Globacom Ghana lowers call rates with 6Gp/minute on ‘Glo Gista’

Glo Ghana has launched a new tariff plan dubbed ‘Glo Gista’ to enable subscribers to make both on-net and off-net calls for only 6Gp per minutes and also a enjoy loads of freebies and discounts.

This offer, which is not a promo but a long-term tariff plan, raises the bar of the telecoms tariff war to another level, as it is the first to reduce both on-net and off-net tariffs to as low as 6Gp.

Tigo offers a default on-net tariff of 3Gp (Tigo to Tigo), but standard off-net rate is 8.4Gp; MTN Zone also offers some lower tariffs, but that is not regular; while Vodafone’s 138 also offers some irregular lower rates.

The Glo Gista tariff plan comes to add to the ‘Good Day Ghana’ launch package in which Glo Ghana customers, who still prefer that to Gista, would continue to enjoy 20Gp free credit every morning as a default package, plus all the other benefits Glo announced at its commercial launch.

But those interested in Glo Gista would have to dial *200*1*1# to register and start enjoying 6Gp per minute of calls to both Glo numbers and numbers on all the other local networks after the first minute of call upon registration.

The package also include up to 100% recharge bonus, free registration of five family and friend group, to whom the customer could make calls and send messages at 2Gp per minute, and per SMS.

Customers on Glo Gista also get free SMS to any number the whole day after paying for the first two SMSs in the day, and a bonus of one minute free after receiving three minutes of calls from another number.

The package also offers 100 minutes of free night calls to Glo numbers from midnight to 5am every night, plus free 100Megabytes of data capacity for browsing free overnight.

Free night browsing on Glo Gista is a novelty as it is the first time in Ghana for any mobile network to offer customer free night browsing.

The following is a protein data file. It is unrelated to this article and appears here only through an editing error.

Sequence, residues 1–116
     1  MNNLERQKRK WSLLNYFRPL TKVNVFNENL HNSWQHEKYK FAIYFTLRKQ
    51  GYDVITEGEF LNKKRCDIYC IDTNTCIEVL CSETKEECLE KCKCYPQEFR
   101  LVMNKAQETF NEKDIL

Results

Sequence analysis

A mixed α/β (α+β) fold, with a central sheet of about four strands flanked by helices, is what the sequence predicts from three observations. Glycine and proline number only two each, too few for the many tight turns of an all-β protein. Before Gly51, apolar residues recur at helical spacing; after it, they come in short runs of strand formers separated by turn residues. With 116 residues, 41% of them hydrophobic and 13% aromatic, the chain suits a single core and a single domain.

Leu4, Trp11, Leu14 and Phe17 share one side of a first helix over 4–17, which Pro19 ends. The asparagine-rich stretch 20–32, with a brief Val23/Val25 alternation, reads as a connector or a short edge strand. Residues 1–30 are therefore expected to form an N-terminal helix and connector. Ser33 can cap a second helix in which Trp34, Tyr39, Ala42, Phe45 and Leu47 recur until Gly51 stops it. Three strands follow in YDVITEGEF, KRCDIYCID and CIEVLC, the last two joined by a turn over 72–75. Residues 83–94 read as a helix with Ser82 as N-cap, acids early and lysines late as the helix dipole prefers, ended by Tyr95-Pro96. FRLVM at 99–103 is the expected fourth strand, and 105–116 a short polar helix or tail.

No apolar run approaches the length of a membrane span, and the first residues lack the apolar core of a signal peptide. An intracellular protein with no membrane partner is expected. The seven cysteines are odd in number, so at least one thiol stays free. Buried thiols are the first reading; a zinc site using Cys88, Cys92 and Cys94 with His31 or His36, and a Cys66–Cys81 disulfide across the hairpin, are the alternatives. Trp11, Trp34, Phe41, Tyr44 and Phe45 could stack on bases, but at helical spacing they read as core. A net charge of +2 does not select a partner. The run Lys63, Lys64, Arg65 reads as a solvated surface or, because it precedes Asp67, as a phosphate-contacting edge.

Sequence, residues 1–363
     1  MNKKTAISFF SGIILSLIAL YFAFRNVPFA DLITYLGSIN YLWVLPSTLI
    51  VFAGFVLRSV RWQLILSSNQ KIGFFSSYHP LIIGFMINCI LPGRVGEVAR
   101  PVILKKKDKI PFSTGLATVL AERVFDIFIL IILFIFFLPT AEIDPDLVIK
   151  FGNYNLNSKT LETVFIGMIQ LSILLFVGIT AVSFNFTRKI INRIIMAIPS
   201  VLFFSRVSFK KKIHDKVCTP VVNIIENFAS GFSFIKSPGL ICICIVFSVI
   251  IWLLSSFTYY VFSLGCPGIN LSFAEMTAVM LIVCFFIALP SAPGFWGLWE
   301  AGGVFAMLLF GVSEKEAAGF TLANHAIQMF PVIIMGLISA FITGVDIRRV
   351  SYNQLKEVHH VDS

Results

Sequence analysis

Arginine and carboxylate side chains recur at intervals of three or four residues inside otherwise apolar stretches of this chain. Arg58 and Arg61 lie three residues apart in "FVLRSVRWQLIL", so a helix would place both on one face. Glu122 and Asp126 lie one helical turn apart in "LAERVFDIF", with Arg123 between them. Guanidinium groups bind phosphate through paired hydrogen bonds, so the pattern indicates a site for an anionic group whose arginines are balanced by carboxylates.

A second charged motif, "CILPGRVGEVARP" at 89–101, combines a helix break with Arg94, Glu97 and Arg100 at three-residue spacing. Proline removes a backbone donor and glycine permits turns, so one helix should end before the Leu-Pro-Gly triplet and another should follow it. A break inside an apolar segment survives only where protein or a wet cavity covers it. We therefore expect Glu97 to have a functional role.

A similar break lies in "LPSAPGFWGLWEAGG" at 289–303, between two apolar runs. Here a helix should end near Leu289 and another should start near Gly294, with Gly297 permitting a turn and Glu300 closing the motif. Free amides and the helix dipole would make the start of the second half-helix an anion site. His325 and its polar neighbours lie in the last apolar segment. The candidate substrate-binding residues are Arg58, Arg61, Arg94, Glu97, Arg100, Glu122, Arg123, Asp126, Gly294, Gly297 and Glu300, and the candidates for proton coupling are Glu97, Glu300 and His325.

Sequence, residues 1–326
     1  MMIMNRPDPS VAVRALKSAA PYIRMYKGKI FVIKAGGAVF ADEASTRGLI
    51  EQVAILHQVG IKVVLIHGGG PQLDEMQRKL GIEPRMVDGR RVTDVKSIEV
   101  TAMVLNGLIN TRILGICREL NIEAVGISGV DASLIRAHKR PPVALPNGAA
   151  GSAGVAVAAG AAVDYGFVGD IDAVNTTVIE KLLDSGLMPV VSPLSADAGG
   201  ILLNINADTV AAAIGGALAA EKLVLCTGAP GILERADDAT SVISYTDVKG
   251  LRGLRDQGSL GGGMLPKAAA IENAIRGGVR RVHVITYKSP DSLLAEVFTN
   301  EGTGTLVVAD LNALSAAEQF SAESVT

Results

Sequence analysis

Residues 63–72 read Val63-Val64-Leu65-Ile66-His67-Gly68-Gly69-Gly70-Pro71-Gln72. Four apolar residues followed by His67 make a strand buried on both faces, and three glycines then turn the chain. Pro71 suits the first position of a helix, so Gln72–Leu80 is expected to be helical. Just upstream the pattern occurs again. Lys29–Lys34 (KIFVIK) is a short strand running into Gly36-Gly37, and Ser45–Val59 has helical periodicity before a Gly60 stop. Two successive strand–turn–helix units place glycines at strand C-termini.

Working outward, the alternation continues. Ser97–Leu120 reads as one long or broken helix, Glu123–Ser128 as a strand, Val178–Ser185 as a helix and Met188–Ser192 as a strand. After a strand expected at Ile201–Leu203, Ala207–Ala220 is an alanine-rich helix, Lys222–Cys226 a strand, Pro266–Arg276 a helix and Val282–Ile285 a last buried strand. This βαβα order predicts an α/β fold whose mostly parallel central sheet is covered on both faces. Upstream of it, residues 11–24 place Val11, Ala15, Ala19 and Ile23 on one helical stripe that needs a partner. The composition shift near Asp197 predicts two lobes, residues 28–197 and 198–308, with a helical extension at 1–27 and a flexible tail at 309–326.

Head of Commercial at Glo Mobile Ghana, Augustine Mamuro told journalists at a press launch that the introduction of Glo Gista in Ghana was in fulfillment of a promise at the launch of Glo in Ghana, to bring the popular and most successful Glo Gista package from its other markets to Ghana.

He said the term ‘Gista’ was a coinage from the English word ‘gist’, which happens to be the freestyle parlance among the youth for chit-chat, and free talk, adding that Gista was therefore inspired by the desire to give Ghanaians “the license and freedom to talk and talk again on the Glo network without any inhibition.

Theophelus Agbeko is the Head of Non-Voice Business at Glo Ghana, and he told journalists that the Gista offer has given relevance to Ghana’s one pesewa and five pesewas coins, adding that it also defeats the reason for owning more than one SIM or phone.

“Six pesewas per minute is lower than what some telcos even charge for their on-net calls and so when you use your Glo handset there is no need thinking twice about whether you are calling an on-net or off-net number because the rate is the same – 6Gp and it is the lowest you can get on the market,” he said.

“We want to change the wide-spread culture of owning two phones in Ghana to using just one phone,” he said.

Apart from Tigo, which has 3Gp for on-net calls, MTN standard on-net rate is 9Gp, but can get lower on MTN Zone; Vodafone standard rate is 14.4Gp, but some packages also offer 8Gp standard, and lower based on some complex conditions; Airtel on-net is 8.4Gp, and Expresso is 9.5Gp.

When journalists queried the sustainability of the Glo Gista tariff plan, given that interconnectivity rate is up to 4.5Gp per minute, which leaves Glo with only 1.5Gp per minute for all off-net calls, the officials said the offer is to bond with Ghanaians and to show love to the teaming subscribers.

Glo has been on the Ghanaian market for four months, and has already raked in an estimated 1.3 million subscribers, and gained some 4.2% market share.

It is already chipping away some of the market share of competition, and Glo Gista threatens to do more damage to the revenue margins of competition, which is a concern expressed by some telco bosses long before Glo started commercial service in Ghana.

By Samuel Nii Narku Dowuona

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